Finally, in (4), when we know our method should be active, we bind it to the instance of the extended class and return it.
While our scope retrieval code works, it’s better to put it in a function rather than use it inline:
But, oh, we have to increment the stack index to
2 since we’re deeper in the callstack. This is risky. Instead, we’ll use the following trick to get the frame:
Instead of counting the frames in our code, changing them with every change - we’ll use the module system. We know that all of our scaffolding is in the same module, but the usage is not. This allows us to easily traverse the stack until we find code that does not belong in our module. That is our calling code.
Since you’re probably wondering - yes. You need to change
_get_first_external_stack_frame() if you want to put it in a different module. Implementing it is left as an exercise to the reader.
As mentioned before, our current implementation overrides any existing
__getattr__ function for the class. Lucky for us, fixing it is easy:
In (1) we get the original
__getattr__ method, to be stored for later usage. We use the
_default function to avoid an extra
if later. In (2) we use the saved
__getattr__, making sure that we only proceed to our code if it raised an
no_override_extend we have our first “to-spec” implementation of extension methods. We have both scoping and precedence down. It is time to celebrate and rest. But our quest is not done yet.
While our code works well for a proof-of-concept, there are still significant usability issues with it. Since the extension methods we create have nice and clean names, it is likely that we’ll want to use those names for other things. Unfortunately, once we do that, we’ll override the existing extension methods and they will no longer work:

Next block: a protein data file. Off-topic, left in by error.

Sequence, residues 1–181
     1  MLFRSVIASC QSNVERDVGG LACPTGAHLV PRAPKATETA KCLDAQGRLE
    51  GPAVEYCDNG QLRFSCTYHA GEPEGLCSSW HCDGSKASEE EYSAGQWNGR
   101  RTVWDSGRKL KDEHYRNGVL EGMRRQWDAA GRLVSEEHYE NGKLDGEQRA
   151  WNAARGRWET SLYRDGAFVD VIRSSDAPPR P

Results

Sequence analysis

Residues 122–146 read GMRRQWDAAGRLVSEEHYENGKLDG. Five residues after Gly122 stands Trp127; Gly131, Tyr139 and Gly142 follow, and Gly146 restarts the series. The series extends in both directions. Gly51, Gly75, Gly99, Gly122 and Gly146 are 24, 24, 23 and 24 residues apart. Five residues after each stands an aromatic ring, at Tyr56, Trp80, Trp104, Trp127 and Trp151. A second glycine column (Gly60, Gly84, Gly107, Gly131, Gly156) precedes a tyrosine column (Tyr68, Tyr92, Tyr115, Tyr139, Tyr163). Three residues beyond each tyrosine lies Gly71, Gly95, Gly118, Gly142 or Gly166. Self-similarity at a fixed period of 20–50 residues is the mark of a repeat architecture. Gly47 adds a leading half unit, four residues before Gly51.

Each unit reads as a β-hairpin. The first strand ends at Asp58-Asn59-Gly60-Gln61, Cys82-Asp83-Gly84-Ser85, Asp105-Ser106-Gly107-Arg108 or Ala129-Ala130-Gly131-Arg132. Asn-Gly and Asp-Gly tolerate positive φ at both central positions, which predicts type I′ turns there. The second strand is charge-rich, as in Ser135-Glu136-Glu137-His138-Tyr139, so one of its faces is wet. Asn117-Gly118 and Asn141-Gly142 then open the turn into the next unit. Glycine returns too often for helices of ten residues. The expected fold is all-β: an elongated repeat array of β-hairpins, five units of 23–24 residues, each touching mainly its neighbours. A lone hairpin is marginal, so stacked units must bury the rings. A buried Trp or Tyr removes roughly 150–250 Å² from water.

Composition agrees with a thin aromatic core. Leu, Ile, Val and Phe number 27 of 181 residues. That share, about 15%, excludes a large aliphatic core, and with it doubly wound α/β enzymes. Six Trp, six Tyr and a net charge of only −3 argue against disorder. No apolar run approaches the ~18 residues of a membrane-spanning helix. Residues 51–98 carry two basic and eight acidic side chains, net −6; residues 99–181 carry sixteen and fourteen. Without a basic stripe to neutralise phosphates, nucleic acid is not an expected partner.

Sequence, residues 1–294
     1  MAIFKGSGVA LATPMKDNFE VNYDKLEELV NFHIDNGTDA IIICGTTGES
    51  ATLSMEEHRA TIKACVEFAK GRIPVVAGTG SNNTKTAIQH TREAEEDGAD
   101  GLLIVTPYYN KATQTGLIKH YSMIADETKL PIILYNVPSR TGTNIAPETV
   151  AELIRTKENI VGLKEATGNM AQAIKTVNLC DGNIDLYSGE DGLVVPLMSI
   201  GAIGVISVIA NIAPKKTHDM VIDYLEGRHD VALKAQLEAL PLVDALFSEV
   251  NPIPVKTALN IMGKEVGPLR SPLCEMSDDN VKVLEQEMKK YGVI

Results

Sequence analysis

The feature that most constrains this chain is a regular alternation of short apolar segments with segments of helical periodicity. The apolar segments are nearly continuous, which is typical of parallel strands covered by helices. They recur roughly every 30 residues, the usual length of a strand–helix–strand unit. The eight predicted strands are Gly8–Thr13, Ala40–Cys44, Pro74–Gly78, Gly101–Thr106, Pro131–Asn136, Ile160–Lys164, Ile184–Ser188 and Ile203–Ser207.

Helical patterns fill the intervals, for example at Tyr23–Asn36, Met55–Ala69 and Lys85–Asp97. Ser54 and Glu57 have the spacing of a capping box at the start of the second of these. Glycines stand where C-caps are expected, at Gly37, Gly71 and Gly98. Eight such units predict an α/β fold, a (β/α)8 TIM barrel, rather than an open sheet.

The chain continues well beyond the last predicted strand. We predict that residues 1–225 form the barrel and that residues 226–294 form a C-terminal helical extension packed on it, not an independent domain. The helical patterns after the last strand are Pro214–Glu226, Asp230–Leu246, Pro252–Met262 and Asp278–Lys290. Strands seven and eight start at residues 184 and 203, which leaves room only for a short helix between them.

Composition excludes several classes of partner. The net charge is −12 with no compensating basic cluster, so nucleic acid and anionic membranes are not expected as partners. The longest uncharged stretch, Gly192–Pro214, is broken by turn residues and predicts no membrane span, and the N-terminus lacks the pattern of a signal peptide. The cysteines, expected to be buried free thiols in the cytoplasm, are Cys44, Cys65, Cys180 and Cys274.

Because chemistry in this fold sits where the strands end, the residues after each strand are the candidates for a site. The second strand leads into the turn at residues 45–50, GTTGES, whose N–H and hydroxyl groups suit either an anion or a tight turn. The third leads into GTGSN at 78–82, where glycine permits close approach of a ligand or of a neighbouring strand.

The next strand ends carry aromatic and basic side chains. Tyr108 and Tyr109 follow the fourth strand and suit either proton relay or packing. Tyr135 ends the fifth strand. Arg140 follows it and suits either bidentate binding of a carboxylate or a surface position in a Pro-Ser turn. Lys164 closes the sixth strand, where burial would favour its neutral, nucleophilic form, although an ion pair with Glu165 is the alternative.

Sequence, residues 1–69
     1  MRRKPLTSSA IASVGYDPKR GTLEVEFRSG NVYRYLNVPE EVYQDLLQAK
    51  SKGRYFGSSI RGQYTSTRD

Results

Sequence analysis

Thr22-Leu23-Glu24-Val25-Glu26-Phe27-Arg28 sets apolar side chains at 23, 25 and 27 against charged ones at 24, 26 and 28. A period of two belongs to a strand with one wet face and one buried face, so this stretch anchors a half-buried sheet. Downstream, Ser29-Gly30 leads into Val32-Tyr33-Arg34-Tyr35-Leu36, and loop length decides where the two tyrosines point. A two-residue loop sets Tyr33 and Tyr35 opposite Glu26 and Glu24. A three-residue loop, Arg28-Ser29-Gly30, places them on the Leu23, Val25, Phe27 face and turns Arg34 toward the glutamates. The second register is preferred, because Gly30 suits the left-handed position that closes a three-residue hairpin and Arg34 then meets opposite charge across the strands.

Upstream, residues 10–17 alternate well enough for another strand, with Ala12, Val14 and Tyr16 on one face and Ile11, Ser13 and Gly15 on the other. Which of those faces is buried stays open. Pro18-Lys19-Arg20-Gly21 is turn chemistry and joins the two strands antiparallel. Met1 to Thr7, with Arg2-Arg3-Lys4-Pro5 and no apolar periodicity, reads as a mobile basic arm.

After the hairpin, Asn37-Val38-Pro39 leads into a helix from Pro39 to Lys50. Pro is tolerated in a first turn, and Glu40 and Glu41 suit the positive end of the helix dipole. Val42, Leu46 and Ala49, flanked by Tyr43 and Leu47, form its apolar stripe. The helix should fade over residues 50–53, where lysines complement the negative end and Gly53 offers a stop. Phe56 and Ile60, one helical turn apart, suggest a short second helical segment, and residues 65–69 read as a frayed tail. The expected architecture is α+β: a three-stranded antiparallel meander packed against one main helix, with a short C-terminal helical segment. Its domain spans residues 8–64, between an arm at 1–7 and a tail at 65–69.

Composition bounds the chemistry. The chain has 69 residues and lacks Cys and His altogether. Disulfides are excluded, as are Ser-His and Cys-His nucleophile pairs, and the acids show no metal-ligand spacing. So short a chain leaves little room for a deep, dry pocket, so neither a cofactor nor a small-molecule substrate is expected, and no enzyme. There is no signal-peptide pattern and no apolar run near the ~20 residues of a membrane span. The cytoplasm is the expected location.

The Fundemental Theorem of Software Engineering (FTSE) says that any problem can be solved by adding another level of indirection. Let’s see how this applies to our problem.
As mentioned in the interlude, our main issue is that of naming. Our extension method is bound to a name, and that name can be overriden in the scope that defines it. If that happens, we lose our extension method. To solve that, we’ll add another level of indirection - a scope that can safely hold our extension methods and protect them from being overriden. If you read our previous post you might recall that classes are wonderful for scopes. So we’ll use a class.
Our new syntax will look like this:
While we’re still using a decorator, you may notice that it takes no parameters. Instead, we use the extended type as the base type for our extension class. This allows us to write the extensions like any other subclass, with standard Python syntax, and then use the decorator to install the extensions in it.
Since we’ve already gone over the principles behind the construction of the decorator, let’s jump straight to the code and focus on the differences from the previous version:
First, you can see that there is no nested decorator - only the main one. And, as we mentioned before, we use inheritance to indicate which type we’re extending. So in (1) we access the base-class of our extension class to get the class we’re extending. Then, in (2) we check whether the requested attribute exists in our extension class. As you can see, the changes are pretty simple and straight-forward. In (3) we make the most important change - we check for the extension class in the scope, not the extension methods. This is the core of this change! And lastly, in (4), we get the required attribute from out extension class.
And with that, we’re done.
I hope you enjoyed this article. Regardless of that, I hope you never use it in production code.